Nintendo logic maintains college audience

John Eppard, IV Leader A&E Editor

When the word Pokémon comes up most people automatically associate it with little kids.  In reality, there are more people in college who still admit to enjoy Pokémon or will make Pokémon references.
Now, I’m not saying people go out of their way to watch every new episode of Pokémon, but college students still enjoy playing the original Gameboy games of the series.
The main reason why I think Pokémon still holds up is because of the jokes about the flaws of the Pokémon world, such as the evolution of the voltorb is really just the Pokémon being upside down or how Gary Oak in the video games is a tool whose grandfather can’t even remember the name of the children of a town that has a population less than 12.
If you really think about how the game works, it makes other games today seem child friendly compared to Nintendo logic.
The game starts off with a senior citizen who spent years of research on Pokémon giving his grandson and the protagonist the quest to leave home at the age of 10 to travel across the region to catch all 150 Pokémon and battle eight gym trainers to collect badges so you can face the Elite Four and become the Pokémon champion.  In other words he wants two children to go out on a journey and make small animals fight for their amusement and take the money of the people they beat.
It also shows how people will also talk to you kindly if you break into their house; on some occasions they may even give you a Pokémon because, according to Nintendo, that is the only solution.
Also, the idea of capturing small creatures just so the Pokémon prof. can be happy is a terrible driving force for the protagonist.
One of the biggest things that college students are also realizing about the games is the lack of adults.  Think about it, you are a 10 year old who is being raised by a single mom and the elderly citizen who can’t remember the names of people closest to him and is recognized as the smartest person in town.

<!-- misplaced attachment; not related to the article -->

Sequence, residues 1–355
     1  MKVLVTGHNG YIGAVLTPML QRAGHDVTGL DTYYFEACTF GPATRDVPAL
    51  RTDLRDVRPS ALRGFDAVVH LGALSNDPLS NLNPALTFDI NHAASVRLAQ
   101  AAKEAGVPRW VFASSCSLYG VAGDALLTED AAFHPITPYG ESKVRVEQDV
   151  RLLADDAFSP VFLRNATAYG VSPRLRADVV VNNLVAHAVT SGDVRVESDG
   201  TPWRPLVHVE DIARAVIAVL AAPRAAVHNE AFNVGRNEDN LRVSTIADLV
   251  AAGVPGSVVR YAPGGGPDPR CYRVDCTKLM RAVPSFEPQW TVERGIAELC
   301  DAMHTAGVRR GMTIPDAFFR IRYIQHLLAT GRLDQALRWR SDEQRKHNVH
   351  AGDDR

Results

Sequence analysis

The majority of people you face up until the third gym badge consists of adults, when you are told that there was a great Pokémon war and all of a sudden you start to realize that maybe most of the adults are dead.  That’s right, death is a subtle theme in Pokémon, but later on they stop being subtle about it when you face three ghost type Pokémon and eventually a dead Marowak… literally a dead Marowak.
One of my favorite things in the game is that they have machines that can teleport one Pokémon from one city to another but they still have to use Pokémon to cut down a small tree.
The rules that Pokémon tries to tell its audience are also funny due to the fact that they tend to break them.Nintendo tells people that a Pidgey evolves into Pidgeotto at level 18 yet for some reason they allow you to catch a Pidgeotto in the viridian forest at level 12.  Why this happens in the game I don’t know but hey, Nintendo logic, right?
It doesn’t stop there though; somehow some of the people in the game thinks it’s a great idea to go into battle with a full team of Magikarp because of Nintendo logic. The rule behind surfing is really hilarious, think about it.  A Pokémon can only swim if it knows the move surf, yet if you catch a Pokémon that you encounter in water and look at its move list t it doesn’t know surf… my first thought would be, why didn’t that Pokémon sink down to the bottom and drown; oh wait, Nintendo logic.
People still do love Pokémon mainly because of nostalgia and the flaws behind their logic.  Nintendo realizes this and they will continue to make more games and unfortunately more new Pokémon to the 500+ list they already have to agonize anyone who has the time to complete a Pokedex.

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